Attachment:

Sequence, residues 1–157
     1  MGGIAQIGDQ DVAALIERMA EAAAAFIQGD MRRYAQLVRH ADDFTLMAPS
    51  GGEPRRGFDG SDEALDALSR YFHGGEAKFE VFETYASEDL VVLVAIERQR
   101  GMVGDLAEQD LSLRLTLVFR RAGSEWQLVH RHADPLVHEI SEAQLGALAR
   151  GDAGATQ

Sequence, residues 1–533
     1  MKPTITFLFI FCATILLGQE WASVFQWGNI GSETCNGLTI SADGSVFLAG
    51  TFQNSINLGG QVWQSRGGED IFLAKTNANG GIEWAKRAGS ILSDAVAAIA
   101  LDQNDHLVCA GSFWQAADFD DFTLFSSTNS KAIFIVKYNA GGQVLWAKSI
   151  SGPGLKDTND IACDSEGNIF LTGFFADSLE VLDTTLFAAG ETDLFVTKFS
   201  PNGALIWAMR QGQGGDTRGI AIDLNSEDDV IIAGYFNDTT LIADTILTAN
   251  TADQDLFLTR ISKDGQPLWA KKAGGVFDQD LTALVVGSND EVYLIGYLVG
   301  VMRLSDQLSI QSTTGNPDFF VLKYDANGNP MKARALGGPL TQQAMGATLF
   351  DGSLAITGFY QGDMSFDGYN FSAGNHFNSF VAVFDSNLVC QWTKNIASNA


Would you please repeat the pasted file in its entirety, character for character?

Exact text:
Sequence, residues 1–157
     1  MGGIAQIGDQ DVAALIERMA EAAAAFIQGD MRRYAQLVRH ADDFTLMAPS
    51  GGEPRRGFDG SDEALDALSR YFHGGEAKFE VFETYASEDL VVLVAIERQR
   101  GMVGDLAEQD LSLRLTLVFR RAGSEWQLVH RHADPLVHEI SEAQLGALAR
   151  GDAGATQ

Sequence, residues 1–533
     1  MKPTITFLFI FCATILLGQE WASVFQWGNI GSETCNGLTI SADGSVFLAG
    51  TFQNSINLGG QVWQSRGGED IFLAKTNANG GIEWAKRAGS ILSDAVAAIA
   101  LDQNDHLVCA GSFWQAADFD DFTLFSSTNS KAIFIVKYNA GGQVLWAKSI
   151  SGPGLKDTND IACDSEGNIF LTGFFADSLE VLDTTLFAAG ETDLFVTKFS
   201  PNGALIWAMR QGQGGDTRGI AIDLNSEDDV IIAGYFNDTT LIADTILTAN
   251  TADQDLFLTR ISKDGQPLWA KKAGGVFDQD LTALVVGSND EVYLIGYLVG
   301  VMRLSDQLSI QSTTGNPDFF VLKYDANGNP MKARALGGPL TQQAMGATLF
   351  DGSLAITGFY QGDMSFDGYN FSAGNHFNSF VAVFDSNLVC QWTKNIASNA